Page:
The Psychology of Enlightenment by Gurudev Shree Chitrabhanu. 1979, Berkeley
“The whole world is divided into three kinds of people.
First and most common are those whose life-energy is spent killing time. For them, life has no meaning other than eating and drinking and grasping for enjoyment, which always eludes them. They are like human machines, seeing and suspecting nothing beyond the limited scope of their own machine. Killing time, they kill their own energy and drain the energy of those around them. Time merely passes for them.
The second kind are those who want to do something with their time and energy, but don’t know what to do. They are confused in their pursuit of various techniques and books and in their choice of paths. Lacking direction, they do not grow. Though they may read a great deal, their reading does not bring inner nourishment. These people lack the sense of discrimination, so their search leads them nowhere.
The third kind are those individuals who turn to their own inner experience for counsel.. They have embarked on a real journey to the inner Self wherein lie all of life’s answers. They know that if the answer is not found within, it surely cannot be found anywhere outside.
When we consider the example of those dynamic individuals like Einstein, for instance, who have brought some gift of themselves to mankind and changed the face of the world, we must realize that we, too, possess a hidden treasure within: the gift of infinite potential. We have the same capacity for unfolding our latent talents and energy as they do. What is possible for one human being is possible for each of us.
Then what can we do to manifest our infinite potential? We begin by believing that this capacity exists within us. Stop relying on something outside of yourself. We must believe, instead, in our infinite reservoirs of strength and vitality.
What kind of person do we want to be? The decision is up to us. Shall we simply pass the time allotted to us in a meaningless round of temporary pleasures? Shall we scatter our precious life-energy in a dozen directions that lead nowhere? Or shall we choose, instead, to go in the direction of growth, to gain wisdom, and insight from our experience of life, and to discover and unfold your unique qualities?
To reach our goal, whatever it may be, it is necessary that we remain single-minded in our effort, although the mind will no doubt tempt us to go in a hundred different directions.
My teacher once asked us, “If you were looking for water, would you drill fifty holes of one-foot depth, or one hole that was fifty feet deep?” In either case, the effort is the same, but the results are different.
We can choose to dissipate our energy in a variety of fruitless, incomplete attempts to find water, or we can concentrate our attention, time, and muscle-power on digging in the direction of water until we tap it. The choice is ours.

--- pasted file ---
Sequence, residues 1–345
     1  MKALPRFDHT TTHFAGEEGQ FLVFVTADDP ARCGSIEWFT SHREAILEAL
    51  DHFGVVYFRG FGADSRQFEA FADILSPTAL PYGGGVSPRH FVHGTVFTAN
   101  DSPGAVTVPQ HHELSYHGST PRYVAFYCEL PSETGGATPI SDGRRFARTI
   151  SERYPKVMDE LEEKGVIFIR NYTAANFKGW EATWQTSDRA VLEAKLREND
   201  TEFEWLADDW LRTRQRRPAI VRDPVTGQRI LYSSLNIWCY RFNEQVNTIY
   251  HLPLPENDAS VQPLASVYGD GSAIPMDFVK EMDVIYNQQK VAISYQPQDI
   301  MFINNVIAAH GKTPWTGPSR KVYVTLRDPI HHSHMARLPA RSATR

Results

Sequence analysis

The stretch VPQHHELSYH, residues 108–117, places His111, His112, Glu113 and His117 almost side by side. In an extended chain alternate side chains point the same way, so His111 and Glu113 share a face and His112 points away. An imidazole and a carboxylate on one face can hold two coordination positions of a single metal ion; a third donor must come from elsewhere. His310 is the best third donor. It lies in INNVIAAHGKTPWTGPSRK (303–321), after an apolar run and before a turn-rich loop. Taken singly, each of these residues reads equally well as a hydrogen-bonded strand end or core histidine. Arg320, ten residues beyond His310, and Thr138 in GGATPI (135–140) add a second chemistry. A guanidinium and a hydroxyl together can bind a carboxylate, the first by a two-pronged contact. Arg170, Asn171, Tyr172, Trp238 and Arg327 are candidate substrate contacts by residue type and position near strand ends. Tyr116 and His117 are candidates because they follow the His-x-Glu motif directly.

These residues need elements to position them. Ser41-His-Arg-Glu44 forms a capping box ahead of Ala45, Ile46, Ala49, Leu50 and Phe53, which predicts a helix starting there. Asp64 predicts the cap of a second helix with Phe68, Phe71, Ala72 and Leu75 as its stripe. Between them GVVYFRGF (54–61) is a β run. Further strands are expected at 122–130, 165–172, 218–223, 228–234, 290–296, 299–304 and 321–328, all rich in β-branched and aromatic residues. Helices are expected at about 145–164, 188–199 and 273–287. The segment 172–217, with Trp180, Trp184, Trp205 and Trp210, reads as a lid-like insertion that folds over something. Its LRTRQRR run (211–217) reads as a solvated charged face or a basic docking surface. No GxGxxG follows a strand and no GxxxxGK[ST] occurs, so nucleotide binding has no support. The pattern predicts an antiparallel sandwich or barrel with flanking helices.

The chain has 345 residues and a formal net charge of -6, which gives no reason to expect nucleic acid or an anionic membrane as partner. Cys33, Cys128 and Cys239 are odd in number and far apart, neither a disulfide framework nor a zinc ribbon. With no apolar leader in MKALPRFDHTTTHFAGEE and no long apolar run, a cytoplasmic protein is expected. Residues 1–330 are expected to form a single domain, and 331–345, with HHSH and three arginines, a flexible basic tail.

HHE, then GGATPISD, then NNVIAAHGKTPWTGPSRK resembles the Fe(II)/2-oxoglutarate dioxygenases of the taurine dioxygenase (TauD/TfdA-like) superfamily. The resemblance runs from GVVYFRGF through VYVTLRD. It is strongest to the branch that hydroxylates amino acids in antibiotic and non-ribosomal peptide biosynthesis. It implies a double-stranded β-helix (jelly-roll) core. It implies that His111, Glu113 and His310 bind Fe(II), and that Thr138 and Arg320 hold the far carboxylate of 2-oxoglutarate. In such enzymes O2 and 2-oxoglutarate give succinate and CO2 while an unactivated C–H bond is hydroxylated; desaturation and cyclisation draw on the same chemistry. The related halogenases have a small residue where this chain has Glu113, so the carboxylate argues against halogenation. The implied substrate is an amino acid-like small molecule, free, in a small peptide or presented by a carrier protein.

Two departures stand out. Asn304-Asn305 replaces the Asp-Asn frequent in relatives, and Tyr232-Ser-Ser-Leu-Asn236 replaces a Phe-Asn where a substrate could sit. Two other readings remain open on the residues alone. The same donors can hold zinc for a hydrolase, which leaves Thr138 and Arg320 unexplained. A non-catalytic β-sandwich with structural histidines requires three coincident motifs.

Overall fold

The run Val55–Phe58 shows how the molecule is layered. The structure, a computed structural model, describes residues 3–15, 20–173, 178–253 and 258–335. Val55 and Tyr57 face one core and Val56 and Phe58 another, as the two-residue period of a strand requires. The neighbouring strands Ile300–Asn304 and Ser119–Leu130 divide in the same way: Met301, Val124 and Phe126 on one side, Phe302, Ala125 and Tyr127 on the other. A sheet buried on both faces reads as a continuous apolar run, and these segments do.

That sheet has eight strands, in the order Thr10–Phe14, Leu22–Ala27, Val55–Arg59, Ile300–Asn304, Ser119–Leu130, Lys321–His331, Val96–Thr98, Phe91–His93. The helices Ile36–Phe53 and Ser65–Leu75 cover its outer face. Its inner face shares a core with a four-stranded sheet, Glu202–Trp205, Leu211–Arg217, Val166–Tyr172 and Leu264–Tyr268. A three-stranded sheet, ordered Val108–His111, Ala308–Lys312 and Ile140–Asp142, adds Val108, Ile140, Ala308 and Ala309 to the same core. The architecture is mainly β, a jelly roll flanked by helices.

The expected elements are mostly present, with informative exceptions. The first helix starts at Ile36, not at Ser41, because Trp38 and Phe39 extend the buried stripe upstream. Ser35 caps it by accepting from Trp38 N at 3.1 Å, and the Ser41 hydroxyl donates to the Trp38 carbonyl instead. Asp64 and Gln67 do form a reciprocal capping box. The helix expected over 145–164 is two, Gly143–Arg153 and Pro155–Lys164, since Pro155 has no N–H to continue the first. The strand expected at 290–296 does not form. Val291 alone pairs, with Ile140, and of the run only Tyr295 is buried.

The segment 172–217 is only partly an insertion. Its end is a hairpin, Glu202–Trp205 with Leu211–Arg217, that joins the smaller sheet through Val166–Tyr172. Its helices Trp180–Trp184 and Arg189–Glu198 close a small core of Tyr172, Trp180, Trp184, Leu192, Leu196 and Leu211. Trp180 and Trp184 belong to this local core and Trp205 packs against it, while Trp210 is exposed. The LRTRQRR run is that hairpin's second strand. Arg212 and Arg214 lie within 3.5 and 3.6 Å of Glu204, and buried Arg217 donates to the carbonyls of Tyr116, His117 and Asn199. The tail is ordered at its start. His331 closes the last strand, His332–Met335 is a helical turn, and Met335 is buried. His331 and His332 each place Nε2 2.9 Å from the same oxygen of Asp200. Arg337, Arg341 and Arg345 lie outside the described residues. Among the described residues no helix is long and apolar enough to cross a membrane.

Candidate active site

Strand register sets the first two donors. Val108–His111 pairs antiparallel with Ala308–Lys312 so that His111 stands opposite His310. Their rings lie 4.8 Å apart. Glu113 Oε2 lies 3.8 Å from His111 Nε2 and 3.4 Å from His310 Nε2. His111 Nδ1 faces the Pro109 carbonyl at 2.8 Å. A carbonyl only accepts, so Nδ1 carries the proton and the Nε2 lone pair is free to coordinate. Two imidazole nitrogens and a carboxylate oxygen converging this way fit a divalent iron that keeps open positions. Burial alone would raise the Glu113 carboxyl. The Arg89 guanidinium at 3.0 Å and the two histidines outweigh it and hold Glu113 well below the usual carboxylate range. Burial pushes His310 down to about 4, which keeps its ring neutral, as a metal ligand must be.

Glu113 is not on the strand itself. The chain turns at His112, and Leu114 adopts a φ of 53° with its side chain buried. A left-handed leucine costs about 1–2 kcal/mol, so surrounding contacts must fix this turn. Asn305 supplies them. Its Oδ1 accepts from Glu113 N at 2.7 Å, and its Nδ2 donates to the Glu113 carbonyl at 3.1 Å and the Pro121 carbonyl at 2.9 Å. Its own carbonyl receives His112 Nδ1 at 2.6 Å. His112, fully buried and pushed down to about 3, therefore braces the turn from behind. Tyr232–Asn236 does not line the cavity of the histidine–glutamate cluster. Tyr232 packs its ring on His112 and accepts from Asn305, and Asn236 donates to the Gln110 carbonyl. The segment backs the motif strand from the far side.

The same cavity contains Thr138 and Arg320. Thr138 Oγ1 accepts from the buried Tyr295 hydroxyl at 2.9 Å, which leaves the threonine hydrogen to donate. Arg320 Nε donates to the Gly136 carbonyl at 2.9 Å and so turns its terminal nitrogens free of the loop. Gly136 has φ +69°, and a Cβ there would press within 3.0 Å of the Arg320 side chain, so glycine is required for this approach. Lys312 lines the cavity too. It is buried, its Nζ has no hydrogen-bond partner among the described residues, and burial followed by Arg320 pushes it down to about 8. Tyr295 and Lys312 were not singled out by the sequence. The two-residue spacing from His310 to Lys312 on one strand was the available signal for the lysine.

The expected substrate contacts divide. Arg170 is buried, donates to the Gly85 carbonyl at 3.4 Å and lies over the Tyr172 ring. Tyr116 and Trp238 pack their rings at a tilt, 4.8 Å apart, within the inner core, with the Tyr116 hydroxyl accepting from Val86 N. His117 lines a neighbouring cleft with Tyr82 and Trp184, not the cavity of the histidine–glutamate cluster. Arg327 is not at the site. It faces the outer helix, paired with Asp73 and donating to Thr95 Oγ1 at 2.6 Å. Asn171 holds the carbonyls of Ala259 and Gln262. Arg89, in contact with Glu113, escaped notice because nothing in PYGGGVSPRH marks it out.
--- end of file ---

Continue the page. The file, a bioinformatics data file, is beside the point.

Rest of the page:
To move in the direction of growth requires the persistent study of one’s own Self.
How do you study the Self?
Begin simply by asking, “What is man? Who am I?”
“When we seriously ask ourselves, “Who am I?” we become aware of the conflict between what we have been taught to think we ought to be and what we really are.
It begins to dawn on us that we have not been living correctly. That is when we turn inward to discover the exact nature of our body, our mind, and finally, the inside dweller which is our true Self.”
“The first step is to consider the body. It is composed of four essential elements which ancient traditions called earth, water, fire, and air. You will not find any organism in which thse four elements are missing. Now, each of these elements has its corresponding element in the universe. The earth element within the body, for instance, corresponds or vibrates with the earth element throughout the universe.”
Let’s first concentrate on our own Earth element, our muladhara.
Muladhara, mula: root, adhara: support
“The whole structure of our bodies is balancing itself on that support which is the lowest vertebrae of our spinal column. Earth element.
This is the first point of awareness; transform the feelings of insecurity into a solid foundation of self-reliance.”
“We are investing our energy in the fear of future want. Our habit of comparing what we have now with what others possess produces this sense of insecurity, which denies us the capacity to enjoy what we have already. It is a kind of addiction which brings anxiety and drives us to amass more than we need. With this mental addiction to achieving a sense of security through possession of more and more things, man no longer remembers what he originally meant by “more”.
Focus on planting seeds of what you want to manifest and create. Enjoy what you have and focus on what is working. Eliminate the unnecessary. Let it shed off like snake skin.
Let the negativity shed away, any guilt, shame, fear, or anxiety. As long as you don’t think negatively about yourself, negativity cannot affect you.
Instead, accept the divinity within you and your divine nature will gradually become apparent.When you acknowledge and respect your true self, the world, in turn, will acknowledge and respect you.
“So our first step is to give up this insecurity which spoils our ability to enjoy what we have right now.
Meditation: I shall now become in touch with my Earth element. I know this whole universe belongs to me and I am a part of the universe. Acquiring things will not bring me real security. I know that I am always secure when I feel my one-ness with the universe.”
Straight spine, “Shivam Shanti”: Benediction and peace. No fear, no anxiety, just be. Let go.
Be nothing but flowing energy.
Your body is a frame of beauty with pure consciousness dwelling within.”